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13 Common Parent-isms

Liz Bayardelle
Liz Bayardelle Author Interview

Clean Your Plate! is a fantastic parenting guide that helps well-intentioned parents avoid troublesome mannerisms. Why was this an important book for you to write?

I think that every parent has had that “oh crap, I just became my mr” moment when something comes out of our mouth we swore we’d never say. There’s a reason for parent-isms like “clean your plate”, “get straight A’s”, or “go give your aunt a hug”, but that doesn’t mean they don’t still have negative side-effects. (Kind of like how your headache medicine may get rid of your headache, but it could also cause nausea, vomiting, or spontaneous combustion.) This book goes over 13 common parent-isms and gives a research-based look at what negative side effects they could be causing and how to get the intended message across in a more positive way.

What is a common misconception you feel people have about parenting?

I think people believe there is a Don’t mistake my meaning here, there are plenty of clearly and obviously wrong ways to parent, but the only right way is the right way for you and your kids. So many parents try to parent “by the book” only to unnecessarily force themselves into something that feels unnatural and makes either them or their kids (or both) unnecessarily stressed.

What is your paring experience and how has that helped you write this book?

I’m the step-mom of a teenage girl and the bio-mom of a 5-year-old Navy Seal trainee in an Elsa dress, and a 1-year-old raccoon noise impersonator. Our household also features a cumulative 200 pounds of dog and a rabbit of unusual size.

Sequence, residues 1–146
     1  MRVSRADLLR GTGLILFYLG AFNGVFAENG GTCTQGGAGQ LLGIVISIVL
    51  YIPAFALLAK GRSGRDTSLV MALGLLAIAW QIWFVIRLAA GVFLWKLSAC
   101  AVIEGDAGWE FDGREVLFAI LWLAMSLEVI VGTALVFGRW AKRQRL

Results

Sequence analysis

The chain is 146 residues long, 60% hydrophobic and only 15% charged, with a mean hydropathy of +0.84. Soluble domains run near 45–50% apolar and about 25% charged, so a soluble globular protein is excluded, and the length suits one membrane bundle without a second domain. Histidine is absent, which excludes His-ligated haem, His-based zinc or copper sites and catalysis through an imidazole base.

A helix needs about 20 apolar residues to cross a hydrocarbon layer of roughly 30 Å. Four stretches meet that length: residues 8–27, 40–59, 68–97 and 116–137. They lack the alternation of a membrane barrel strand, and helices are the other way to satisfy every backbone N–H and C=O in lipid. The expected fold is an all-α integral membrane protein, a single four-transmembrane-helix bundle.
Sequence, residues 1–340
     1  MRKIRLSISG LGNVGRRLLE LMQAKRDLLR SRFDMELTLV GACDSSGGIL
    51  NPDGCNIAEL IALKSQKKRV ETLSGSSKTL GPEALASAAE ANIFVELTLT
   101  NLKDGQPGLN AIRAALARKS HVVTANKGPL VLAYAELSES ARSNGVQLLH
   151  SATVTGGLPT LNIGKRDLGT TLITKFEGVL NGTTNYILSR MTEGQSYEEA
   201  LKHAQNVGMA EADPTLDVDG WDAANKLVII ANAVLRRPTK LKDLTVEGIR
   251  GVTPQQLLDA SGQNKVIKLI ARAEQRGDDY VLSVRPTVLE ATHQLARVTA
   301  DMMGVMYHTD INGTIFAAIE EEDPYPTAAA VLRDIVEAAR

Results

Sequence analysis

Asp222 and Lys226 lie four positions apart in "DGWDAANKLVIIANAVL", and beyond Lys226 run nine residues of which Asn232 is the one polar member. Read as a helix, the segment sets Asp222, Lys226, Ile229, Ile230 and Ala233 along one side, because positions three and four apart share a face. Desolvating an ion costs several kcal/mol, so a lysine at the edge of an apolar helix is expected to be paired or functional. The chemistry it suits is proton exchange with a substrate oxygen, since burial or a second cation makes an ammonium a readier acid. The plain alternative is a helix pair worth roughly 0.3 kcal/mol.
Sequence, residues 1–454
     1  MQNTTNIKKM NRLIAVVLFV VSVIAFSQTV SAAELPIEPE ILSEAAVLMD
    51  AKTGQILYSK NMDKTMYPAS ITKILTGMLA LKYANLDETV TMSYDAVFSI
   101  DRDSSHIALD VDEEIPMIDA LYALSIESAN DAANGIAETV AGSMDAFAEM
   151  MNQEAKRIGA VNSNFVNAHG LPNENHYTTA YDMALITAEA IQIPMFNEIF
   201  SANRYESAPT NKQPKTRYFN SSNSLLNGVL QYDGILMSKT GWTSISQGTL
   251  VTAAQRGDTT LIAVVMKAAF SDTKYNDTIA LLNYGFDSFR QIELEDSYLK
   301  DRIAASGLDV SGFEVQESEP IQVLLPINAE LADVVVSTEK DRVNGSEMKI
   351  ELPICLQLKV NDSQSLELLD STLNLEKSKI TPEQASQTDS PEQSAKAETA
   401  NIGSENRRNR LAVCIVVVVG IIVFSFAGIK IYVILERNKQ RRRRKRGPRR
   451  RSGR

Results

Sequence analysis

When I was first attempting to “learn how to parent” (as if such a feat is really possible) I kept finding so-called parenting books that were so full of information yet little-to-no practical help. I knew what meconium was, but I had no idea how to bond with my baby. I could tell you all about teen hormones, but I didn’t have any clue how to handle it when my step-daughter went into her room for days at a time. I happened to be working on my PhD in business psychology at the time and realized that the most helpful information for my day-to-day parenting issues was actually coming from my PhD research rather than the parenting books I was reading.

This book is an attempt to bridge that gap.

What is one thing you hope readers take away from your book?

The three main take-home messages from this book are to parent for the long term (not the short term), to parent for skills (not results), and to parent like you and your kids are on the same team (because you are…no matter what it feels like in the moment).

Author Links: GoodReads | Twitter | Facebook | Website

Parents mean well, we really do.

We want our kids to get good grades, stop hitting their siblings, and, yes, clean their plate at dinnertime. It shouldn’t be that hard, right?

Wrong. Sometimes these harmless sounding statements don’t work. Even worse, they often backfire to cause unexpected and unwelcome side effects for us and for our kids. (Just like your prescription for headache medicine may accidentally cause vomiting or make you spontaneously sprout a leathery tail.) 
This book takes 13 of the most common parent-isms and walks you through the ways they can go wrong, why they could negatively impact your kids, and what you should say instead. 

Includes parental greatest hits like: 
Do You Need Any Money?
Get Straight A’s
Don’t Be a Quitter
Don’t Talk Back (to Your Elders)
Waste Not, Want Not
Be Nice to Your Friends
Give Your Aunt a Hug
Win Your Game Today
Finish Your Homework
Don’t Hit
Sit Still
Don’t Watch TV
Clean Your Plate

Clean Your Plate! Thirteen Things Good Parents Say That Ruin Kids’ Lives